People with an optimistic outlook on life have better cardiovascular health. A study by the University of Illinois shows this.
More than 5,100 volunteers between the ages of 45 and 84 were able to determine their cardiovascular health on the basis of seven characteristics.
They looked at blood pressure, BMI, blood sugar, cholesterol, diet, physical activity and tobacco consumption. In addition, they completed questionnaires to measure their mental health and optimism.
The more optimistic participants were, the better their cardiovascular health turned out to be. Optimists had better blood sugar levels and healthier cholesterol levels. They were also more physically active, smoked less frequently and had better BMI.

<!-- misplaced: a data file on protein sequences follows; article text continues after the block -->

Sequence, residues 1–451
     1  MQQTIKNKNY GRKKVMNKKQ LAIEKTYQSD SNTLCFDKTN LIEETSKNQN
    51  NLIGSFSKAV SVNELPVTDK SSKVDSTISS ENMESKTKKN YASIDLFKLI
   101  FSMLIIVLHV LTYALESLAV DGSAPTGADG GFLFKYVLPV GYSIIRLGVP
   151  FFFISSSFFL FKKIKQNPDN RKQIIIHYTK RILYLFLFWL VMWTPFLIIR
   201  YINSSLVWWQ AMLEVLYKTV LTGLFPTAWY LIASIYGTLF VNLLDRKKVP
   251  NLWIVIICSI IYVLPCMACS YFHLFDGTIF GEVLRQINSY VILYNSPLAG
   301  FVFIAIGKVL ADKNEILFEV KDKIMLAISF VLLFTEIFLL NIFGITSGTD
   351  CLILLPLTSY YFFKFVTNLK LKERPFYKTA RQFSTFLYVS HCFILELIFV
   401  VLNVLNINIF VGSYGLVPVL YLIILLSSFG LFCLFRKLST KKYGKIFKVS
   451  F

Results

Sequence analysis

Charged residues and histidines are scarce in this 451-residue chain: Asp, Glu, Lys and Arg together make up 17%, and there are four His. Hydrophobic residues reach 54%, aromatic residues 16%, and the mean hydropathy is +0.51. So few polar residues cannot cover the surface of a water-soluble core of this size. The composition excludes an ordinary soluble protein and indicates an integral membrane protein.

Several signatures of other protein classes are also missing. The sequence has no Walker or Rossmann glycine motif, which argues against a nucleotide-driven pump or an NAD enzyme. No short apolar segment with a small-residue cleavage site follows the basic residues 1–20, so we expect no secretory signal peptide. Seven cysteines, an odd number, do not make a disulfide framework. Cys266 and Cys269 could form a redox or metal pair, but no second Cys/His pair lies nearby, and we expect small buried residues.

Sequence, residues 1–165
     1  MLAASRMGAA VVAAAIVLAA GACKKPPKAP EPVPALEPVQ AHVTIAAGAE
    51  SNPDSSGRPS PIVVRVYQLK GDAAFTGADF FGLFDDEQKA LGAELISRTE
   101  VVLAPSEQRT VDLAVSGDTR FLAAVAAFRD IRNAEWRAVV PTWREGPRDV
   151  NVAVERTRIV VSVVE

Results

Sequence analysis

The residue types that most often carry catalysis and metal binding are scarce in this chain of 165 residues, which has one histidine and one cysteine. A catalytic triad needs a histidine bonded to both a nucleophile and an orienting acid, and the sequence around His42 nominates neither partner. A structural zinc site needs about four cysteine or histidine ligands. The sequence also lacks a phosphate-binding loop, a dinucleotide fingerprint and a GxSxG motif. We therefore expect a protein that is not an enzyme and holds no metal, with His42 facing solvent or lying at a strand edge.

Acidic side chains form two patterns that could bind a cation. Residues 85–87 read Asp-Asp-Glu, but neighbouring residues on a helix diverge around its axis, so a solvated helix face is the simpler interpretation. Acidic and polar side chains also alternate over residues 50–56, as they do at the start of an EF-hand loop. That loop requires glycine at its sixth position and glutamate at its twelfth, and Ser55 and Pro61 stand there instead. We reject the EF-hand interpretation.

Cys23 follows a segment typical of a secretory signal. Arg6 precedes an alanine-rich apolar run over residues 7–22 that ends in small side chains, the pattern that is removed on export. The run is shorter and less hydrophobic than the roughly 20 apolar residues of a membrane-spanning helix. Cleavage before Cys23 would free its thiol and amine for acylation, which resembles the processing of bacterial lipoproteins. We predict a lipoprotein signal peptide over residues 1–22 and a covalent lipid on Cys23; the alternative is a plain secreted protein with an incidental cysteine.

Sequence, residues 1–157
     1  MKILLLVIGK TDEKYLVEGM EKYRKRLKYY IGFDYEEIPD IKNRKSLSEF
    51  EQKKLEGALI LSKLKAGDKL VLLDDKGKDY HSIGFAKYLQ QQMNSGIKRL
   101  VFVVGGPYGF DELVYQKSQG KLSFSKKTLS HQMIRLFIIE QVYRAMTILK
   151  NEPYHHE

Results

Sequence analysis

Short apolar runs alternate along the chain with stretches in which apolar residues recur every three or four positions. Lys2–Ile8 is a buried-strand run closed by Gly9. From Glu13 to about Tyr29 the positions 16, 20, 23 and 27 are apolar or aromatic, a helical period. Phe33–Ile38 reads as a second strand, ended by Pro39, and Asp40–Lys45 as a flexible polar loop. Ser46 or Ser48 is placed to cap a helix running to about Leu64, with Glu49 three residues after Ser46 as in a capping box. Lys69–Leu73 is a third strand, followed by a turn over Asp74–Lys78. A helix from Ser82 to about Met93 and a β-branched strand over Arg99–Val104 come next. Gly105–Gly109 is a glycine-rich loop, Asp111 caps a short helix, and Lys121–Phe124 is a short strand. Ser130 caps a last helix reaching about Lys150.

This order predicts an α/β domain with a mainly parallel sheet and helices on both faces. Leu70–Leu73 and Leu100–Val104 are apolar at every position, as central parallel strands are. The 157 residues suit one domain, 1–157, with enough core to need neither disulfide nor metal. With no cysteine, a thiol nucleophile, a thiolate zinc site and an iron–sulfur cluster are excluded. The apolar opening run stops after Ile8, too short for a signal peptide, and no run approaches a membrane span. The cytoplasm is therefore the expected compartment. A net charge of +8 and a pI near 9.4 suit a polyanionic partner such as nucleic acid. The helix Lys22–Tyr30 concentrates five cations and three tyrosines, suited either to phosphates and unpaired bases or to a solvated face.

“The most optimistic participants were twice as likely to achieve ideal cardiovascular health as their more pessimistic peers,” says lead author Rosalba Hernandez.
“At the population level, a small difference in cardiovascular health already translates into a significant reduction in the number of deaths.
The results of the study appeared in Health Behavior and Policy Review.